I was fortunate to be included in a retirement party for Duke Political Science professor, David L. Paletz, one of the foremost scholars of Political Communication and a jury chair for the Full Frame Documentary Festival in Durham, N.C. I’ve written about David before in this column -- an inspiring teacher who introduced me to feminism, media critique and a desire to be a filmmaker.
As I tell my kids, you only need to find one great professor to help you justify tuition costs and figure out your life. At Duke University I was fortunate to find several compelling teachers, but Paletz was certainly one of the most important. Looking around the room at the restaurant in Durham that night, I noted how many other women of various ages had taken the time and money to return to Duke and pay homage to Paletz. (More women than men attended; lots of college professors)
Celeste Wesson, senior editor of American Public Media’s "Marketplace" and an important voice in economic reporting is a noted Paletz grad. She joked about memories of his tough grading and good-humored crankiness. Kimberly West-Faulcon, a fellow who holds an endowed Chair in constitutional law at Loyola Marymount University remembered how Paletz suggested that she apply for a competitive internship and then made a phone call that helped her to get it. (Kim left the busy party weekend to register voters in her hometown of Raleigh, North Carolina.) Several stories detailed how Paletz had gone beyond the classroom to assist with career decisions and life-changing opportunities.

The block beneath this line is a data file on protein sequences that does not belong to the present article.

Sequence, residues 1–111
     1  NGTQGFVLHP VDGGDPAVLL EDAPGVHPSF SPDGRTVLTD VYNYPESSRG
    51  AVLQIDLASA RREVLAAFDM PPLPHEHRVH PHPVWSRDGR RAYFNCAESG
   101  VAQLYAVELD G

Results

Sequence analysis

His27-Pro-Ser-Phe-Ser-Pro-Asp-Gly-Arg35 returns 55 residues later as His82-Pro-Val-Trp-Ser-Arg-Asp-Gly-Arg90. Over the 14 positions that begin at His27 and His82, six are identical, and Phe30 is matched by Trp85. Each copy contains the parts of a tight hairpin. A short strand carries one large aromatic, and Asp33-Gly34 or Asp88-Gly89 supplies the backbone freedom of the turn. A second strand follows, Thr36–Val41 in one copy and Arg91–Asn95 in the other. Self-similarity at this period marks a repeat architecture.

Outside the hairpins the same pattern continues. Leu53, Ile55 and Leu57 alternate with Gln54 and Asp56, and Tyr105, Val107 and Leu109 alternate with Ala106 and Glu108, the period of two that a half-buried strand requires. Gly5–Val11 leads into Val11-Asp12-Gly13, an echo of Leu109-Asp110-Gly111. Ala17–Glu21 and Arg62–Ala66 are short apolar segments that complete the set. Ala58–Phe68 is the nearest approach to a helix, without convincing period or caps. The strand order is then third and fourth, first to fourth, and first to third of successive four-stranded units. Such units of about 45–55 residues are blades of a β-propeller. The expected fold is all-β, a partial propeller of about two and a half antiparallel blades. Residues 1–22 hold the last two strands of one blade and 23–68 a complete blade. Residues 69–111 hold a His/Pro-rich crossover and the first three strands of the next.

The party was planned for the same weekend as a Duke Arts/Entertainment alumni event, and I was asked to join a panel with Mike Macari, producer of The Ring (Dreamworks, 2002). We laughed a bit about how our first professional jobs both involved opening and delivering mail. (He already had a law degree!) We described the necessary persistence and networking skills (not often taught in college) that young filmmakers need to be successful, whether making a big budget feature or an independent documentary.
At the end of the retirement dinner, the organizers played film excerpts from Paletz’s “Politics & the Media” course—Sergei Eisenstein’s “Strike,” Leni Riefenstahl’s “Triumph of the Will,” Buster Keaton in “Cops.” I recognized how many of these films I now teach in my own film classes to help students better understand the discourses of authority and rebellion. (I vowed to add Keaton to my screening list…)
I returned home with a renewed sense of educational vigor and commitment, arming my teenagers with strategies for how to locate compelling instructors. I told myself—‘If I can have that kind of impact on just a few of the students I’m teaching, then I’ll be satisfied.’
And I hope to have an equally stylish retirement party — perhaps with a band…